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This week the media reported that new guidelines were released for the ethical development of AI robots.
I’ve yet to leaf through the 266 pages, but critically these guidelines refer to of outwardly innocuous technology.
In other words, is this really a sex aid for men whom women dislike?
The least appealing thing about dating apps is that they inevitably connect you with unenlightened men – the sort that lead with ‘You’re so much hotter than all the other girls around here’, mansplain with gusto, and exit on a note of entitlement that will probably leave you feeling disturbed.
The Campaign Against Sex Robots would argue that the ensuing attitudinal knock-on effects are very real indeed.
Especially the implications for real life sex workers, to whom sex robot users may “graduate”, rather than replace.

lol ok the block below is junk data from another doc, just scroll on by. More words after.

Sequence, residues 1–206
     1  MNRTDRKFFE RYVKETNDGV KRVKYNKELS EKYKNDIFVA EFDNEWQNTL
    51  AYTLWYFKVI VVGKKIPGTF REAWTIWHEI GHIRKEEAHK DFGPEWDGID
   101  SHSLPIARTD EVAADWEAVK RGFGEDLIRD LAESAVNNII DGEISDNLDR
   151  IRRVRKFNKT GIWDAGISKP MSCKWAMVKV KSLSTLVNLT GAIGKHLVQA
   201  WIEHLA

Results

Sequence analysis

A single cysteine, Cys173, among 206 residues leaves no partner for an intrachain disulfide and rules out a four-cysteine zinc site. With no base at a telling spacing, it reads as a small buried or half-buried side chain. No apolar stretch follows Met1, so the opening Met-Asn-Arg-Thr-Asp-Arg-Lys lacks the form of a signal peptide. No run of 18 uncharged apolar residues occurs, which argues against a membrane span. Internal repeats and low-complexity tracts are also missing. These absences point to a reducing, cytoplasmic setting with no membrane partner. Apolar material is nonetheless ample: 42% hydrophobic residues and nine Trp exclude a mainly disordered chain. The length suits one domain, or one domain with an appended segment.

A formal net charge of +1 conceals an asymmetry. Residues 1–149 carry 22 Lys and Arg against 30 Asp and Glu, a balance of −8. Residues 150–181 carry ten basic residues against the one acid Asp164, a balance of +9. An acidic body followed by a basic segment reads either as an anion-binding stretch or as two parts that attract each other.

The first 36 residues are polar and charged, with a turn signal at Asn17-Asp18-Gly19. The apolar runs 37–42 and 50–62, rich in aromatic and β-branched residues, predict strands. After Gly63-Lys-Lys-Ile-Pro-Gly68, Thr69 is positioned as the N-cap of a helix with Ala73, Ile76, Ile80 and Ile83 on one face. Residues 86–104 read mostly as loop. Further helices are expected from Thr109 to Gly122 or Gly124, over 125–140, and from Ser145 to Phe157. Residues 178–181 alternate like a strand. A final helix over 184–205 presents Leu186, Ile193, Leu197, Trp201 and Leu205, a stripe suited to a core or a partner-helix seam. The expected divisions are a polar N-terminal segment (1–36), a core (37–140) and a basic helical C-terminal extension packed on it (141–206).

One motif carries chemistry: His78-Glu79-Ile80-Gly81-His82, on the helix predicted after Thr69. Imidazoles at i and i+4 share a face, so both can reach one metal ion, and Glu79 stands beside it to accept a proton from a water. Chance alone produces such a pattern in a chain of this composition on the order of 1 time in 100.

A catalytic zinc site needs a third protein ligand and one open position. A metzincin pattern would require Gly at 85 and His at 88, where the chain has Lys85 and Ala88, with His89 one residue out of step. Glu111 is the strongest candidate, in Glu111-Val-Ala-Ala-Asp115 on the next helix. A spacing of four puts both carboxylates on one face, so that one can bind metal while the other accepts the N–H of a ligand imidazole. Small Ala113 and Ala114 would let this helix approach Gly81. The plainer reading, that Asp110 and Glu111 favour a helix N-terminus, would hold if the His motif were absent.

If we learn through practice that sexual partners are “things” that exist for our satisfaction (however unpleasant the act of satisfying is…), there is no reason why that general mindset wouldn’t be transferred to human partners.
The simulates @Tinder Nightmares-worthy conversations with chilling accuracy, which is basically as bleak as it sounds (try it for yourself) but also deserves a little cheer. Because sleazebot serves to highlight how common it is for women to experience subtle mysogyny online, and might just make some perpetrators check their behaviour. Graduates from a New York City university, 29-year-old Joanna Chin and 32-year-old Bryan Collinsworth, are the brains behind D. As Chin explained on her website; ‘The bot draws from a database of responses derived from women’s actual interactions in online and offline dating…
The fact her program is sexual is not, on its own, hugely problematic.
She only really becomes troubling when you consider three factors combined: her (convincing) submissive and sexual AI “mind”, her (convincing) anatomically correct, single-purpose robotic body, and — perhaps most relevantly — the attitude of her “users”, who actively and deliberately seek to conceive of her as a real human.
But it's already possible to get a little taste of what this technology can do.
The WSJ is one of a handful of media organisations already using the bots.
The long-awaited 'Bot Platform' was unveiled by Facebook CEO Mark Zuckerberg on the first day of the F8 developer conference, and the company hopes it's going to change the way we all use the web.